Steans’ drinking water safety plan aims to keep Ill. from suffering Flint’s fate
SPRINGFIELD – State Senator Heather Steans (D-Chicago 7th) sponsored legislation that earned the Senate’s approval today and will require increased testing for lead in drinking water, especially in schools, and stepped-up efforts to identify and replace lead service lines in water systems. Informed by the tragedy in Flint, Michigan, the measure also brings Illinois law into line with federal lead limits and includes new rules to keep the public informed about potential risks in their drinking water.
“We know that exposure to lead can cause developmental delays, learning disabilities and many other significant health problems, and young children in low-income and predominantly minority neighborhoods are most at risk,” Steans said. “That’s unacceptable. By mandating rigorous testing of water systems and communicating openly with the public, we can prevent our cities and towns from becoming another Flint – a community where children were poisoned unawares.”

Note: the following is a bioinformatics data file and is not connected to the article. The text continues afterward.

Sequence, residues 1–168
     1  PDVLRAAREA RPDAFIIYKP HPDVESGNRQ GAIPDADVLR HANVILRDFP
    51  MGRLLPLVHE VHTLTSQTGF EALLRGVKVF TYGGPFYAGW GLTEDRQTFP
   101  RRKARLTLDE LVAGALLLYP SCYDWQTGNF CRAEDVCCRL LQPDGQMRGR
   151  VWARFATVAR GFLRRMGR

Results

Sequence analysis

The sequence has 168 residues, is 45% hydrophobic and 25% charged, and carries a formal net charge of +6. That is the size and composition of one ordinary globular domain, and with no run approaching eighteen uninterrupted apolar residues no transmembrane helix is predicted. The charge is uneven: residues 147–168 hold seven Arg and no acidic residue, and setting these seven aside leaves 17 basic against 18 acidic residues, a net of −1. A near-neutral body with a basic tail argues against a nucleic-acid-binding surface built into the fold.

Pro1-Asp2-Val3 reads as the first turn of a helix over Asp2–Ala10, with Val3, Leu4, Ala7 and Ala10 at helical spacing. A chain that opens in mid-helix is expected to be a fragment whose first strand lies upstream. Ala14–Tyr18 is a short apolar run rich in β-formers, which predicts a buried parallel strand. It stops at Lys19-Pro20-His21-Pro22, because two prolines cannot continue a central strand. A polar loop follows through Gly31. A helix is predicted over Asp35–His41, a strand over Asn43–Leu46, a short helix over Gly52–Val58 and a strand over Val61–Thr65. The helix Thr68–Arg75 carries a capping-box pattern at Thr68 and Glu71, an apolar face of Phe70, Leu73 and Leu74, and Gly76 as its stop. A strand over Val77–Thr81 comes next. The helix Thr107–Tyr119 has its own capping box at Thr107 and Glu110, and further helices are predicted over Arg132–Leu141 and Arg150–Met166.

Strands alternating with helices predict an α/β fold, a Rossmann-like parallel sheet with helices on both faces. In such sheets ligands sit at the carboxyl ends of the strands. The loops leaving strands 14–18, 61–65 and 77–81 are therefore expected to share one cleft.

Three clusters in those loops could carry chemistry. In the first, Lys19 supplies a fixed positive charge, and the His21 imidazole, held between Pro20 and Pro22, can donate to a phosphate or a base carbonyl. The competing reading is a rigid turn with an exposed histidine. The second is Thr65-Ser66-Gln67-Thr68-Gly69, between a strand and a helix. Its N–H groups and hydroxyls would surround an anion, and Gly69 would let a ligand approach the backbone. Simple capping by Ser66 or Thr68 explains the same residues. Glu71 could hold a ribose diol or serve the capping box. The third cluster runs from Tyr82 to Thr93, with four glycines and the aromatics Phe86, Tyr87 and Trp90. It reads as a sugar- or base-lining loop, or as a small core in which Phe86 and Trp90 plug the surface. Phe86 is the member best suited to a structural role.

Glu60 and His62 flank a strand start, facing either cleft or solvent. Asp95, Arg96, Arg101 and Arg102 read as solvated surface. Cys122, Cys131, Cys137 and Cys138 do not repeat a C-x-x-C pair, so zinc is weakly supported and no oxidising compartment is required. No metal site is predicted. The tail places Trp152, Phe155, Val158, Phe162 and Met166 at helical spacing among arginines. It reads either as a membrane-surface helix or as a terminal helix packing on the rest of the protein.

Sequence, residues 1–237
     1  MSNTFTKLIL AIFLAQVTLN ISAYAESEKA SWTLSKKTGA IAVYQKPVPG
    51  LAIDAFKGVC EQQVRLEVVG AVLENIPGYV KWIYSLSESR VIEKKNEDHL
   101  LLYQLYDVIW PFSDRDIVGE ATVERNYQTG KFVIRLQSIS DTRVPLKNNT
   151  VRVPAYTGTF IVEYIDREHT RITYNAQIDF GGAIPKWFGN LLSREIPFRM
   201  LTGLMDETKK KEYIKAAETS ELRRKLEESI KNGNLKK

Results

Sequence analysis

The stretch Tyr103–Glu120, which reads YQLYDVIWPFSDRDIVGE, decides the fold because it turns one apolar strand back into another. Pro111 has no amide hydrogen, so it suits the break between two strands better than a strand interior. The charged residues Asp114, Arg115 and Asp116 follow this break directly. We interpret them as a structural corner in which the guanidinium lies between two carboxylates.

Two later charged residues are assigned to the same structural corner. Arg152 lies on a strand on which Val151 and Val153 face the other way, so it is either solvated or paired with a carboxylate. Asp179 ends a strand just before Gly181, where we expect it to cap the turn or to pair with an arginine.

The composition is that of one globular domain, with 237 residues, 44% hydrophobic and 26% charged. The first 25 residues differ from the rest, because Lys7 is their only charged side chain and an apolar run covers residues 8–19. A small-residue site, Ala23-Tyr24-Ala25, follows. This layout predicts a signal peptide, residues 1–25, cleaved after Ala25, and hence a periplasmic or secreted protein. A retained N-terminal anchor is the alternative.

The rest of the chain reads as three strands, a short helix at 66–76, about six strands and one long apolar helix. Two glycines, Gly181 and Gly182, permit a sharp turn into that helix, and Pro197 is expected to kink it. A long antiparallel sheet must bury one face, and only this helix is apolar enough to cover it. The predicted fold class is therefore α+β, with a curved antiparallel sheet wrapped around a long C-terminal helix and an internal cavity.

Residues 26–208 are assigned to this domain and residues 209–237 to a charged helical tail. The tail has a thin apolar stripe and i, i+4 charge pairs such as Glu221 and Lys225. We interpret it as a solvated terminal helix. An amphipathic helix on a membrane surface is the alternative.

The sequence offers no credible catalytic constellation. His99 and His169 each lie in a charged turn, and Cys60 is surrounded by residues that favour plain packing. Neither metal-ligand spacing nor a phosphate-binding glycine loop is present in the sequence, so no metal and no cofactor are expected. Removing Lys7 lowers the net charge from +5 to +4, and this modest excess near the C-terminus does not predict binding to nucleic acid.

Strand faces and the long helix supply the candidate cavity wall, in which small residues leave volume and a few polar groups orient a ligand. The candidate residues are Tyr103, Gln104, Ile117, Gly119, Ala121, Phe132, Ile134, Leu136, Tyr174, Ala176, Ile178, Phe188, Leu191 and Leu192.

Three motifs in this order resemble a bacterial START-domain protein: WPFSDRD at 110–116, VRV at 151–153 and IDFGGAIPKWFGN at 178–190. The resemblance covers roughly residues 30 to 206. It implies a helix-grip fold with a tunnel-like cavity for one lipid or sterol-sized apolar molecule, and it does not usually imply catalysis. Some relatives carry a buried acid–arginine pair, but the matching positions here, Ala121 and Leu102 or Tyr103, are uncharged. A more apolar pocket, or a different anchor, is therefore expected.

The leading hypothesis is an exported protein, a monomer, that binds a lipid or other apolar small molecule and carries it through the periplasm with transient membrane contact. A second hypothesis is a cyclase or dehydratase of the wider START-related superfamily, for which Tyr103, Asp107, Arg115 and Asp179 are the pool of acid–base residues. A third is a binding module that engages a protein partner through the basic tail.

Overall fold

Senate Bill 550 requires water systems to complete an inventory of lead service lines used to distribute drinking water; the Department of Public Health must develop a program to identify lead hazards in schools statewide and to require their mitigation within a reasonable timeframe. Schools that serve preschool through fifth-grade students and were built before 1987 must take samples from their drinking water sources and have them tested for lead. If the level of lead in any water sample from a school is 15 parts per billion – the “action level” set in federal law – or higher, parents and guardians must be informed of the level and the associated risks. Finally, water systems must notify residents of any construction work likely to cause elevated lead levels in their tap water and inform them if their water supply has been tested and exceeds the action level.
“Galesburg, areas of Chicago and several other Illinois communities have identified lead levels in their drinking water that threaten our children’s health,” Steans said. “It’s very important to be proactive in meeting this threat head-on so schools and families are not blindsided as they were in Flint.”
The legislation now moves to the House.